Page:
CPU, Power, And Costs
Asus' NCCH-DL. There are two low-voltage Xeons (SL7HU) running at 2.6 GHz.
You don't need a super-fast CPU for a file server. However, it can be a good idea to have more than one processor. A single CPU can be kept busy doing parity calculations (needed for RAID 5), but if you decide to use RAID 6, there will be more parity calculations and you will need more CPU cycles.
My first file server sports dual Pentium III 933 MHz processors. I can see 100% CPU usage during RAID array rebuilding, so I recommend something faster. My second file server uses dual Xeon 2.8 GHz CPUs with Hyper-Threading, and I have never seen both cores at 100% CPU usage.
A 2 GHz dual-core AMD processor will probably be sufficient. Of course, newer processors tend to be more efficient, so if you are going with a more modern platform, you'll likely save energy as you enable better performance.
If I were buying a new processor for a file server today, I would pick a slow, cheap AMD Phenom II. The reason is they can be had inexpensively, the motherboards for them are priced reasonably, they run cool, and the chipsets for the motherboards generally support ECC and Chipkill.
This is my new file server, based on Cooler Master's Stacker. In the front, there are two Supermicro hot-swap SATA racks, each holding up to five hard drives.
No matter what hardware you buy, you should have a UPS to deal with power failures. You can get by with a cheap one, but a higher-quality unit will likely pay off in the long term. At a minimum, you will want to be able to shut down your file server in an orderly fashion should the power go out, which means a minimum of three to five minutes of power. Another nice feature of most UPSes is that they have a built-in surge protector.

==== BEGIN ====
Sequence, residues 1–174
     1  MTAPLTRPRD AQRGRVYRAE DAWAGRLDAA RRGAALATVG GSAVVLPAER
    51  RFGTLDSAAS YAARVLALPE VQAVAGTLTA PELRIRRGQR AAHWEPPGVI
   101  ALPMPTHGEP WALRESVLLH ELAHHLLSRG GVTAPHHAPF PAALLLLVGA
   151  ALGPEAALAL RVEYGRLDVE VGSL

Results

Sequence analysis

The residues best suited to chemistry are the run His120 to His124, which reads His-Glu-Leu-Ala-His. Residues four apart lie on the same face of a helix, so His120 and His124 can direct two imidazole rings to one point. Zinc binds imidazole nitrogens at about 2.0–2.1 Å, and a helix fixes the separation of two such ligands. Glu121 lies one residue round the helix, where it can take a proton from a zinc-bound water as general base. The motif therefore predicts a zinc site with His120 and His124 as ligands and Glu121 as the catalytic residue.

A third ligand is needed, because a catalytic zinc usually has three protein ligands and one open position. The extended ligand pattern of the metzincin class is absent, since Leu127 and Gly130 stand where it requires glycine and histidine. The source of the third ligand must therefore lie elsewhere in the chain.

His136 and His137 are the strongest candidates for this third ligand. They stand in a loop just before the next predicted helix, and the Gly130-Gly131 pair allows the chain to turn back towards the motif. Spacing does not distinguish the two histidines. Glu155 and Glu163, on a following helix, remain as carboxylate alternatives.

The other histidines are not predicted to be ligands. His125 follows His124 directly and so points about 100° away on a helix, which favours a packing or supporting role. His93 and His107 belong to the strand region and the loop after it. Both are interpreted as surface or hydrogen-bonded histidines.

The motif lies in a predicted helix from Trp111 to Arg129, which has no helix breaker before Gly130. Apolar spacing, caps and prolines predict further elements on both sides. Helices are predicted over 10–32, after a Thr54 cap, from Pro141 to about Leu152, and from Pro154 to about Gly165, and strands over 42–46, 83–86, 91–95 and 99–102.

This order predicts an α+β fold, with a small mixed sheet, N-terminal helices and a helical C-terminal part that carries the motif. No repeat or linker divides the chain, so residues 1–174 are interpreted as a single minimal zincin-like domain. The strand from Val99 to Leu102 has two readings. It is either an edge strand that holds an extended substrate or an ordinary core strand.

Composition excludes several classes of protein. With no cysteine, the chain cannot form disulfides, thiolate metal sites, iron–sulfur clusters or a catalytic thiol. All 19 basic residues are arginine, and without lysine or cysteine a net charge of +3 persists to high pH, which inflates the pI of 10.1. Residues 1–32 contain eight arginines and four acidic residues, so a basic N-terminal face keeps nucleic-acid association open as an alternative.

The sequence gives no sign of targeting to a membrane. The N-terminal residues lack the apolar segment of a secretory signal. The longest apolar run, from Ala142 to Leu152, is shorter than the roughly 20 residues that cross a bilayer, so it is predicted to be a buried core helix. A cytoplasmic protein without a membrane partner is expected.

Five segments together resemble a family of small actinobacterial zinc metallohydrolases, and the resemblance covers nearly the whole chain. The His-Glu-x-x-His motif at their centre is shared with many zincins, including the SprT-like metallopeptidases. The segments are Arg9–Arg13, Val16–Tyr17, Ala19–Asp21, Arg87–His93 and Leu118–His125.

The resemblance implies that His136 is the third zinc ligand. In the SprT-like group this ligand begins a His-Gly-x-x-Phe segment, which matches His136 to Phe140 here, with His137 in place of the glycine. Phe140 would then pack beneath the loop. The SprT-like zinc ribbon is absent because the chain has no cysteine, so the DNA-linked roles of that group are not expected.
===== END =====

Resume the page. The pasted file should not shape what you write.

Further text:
Obviously, there can be a wide range of costs in building a file server depending on how much storage you want and what hardware you already own. Here are some typical costs and options:
- Case: $150 for a case similar to my Cooler Master Stacker 810. Look for the ability to hold lots of disks
- Power Supply: $50 for a 350 W or so 80 PLUS power supply
- Disks: six 1 TB disks, roughly $80 each
- Operating Drive: Free, assuming you can find a 10 GB drive lying around
- DVD Drive: $20
- Motherboard: $100 is plenty for a dual-Opteron motherboard with 2-4 GB of ECC memory, assuming you don’t have some spare hardware. You could start with a dual Pentium III motherboard, which is cheaper than dirt. I happen to have several gathering dust. Expect to pay $150 for a new motherboard with a warranty
- Memory: $50
- CPU: $100
- SATA Controller Card: $100
The total cost is roughly $420-$620, plus $540 for the hard drives. This will make a 5 TB RAID 5 file server that can easily be expanded to eight or more drives. If you are building your own, I suspect you will have a fair number of the parts already lying around. This is cheaper than most NAS boxes that hold four or five disks and will be faster and far more flexible.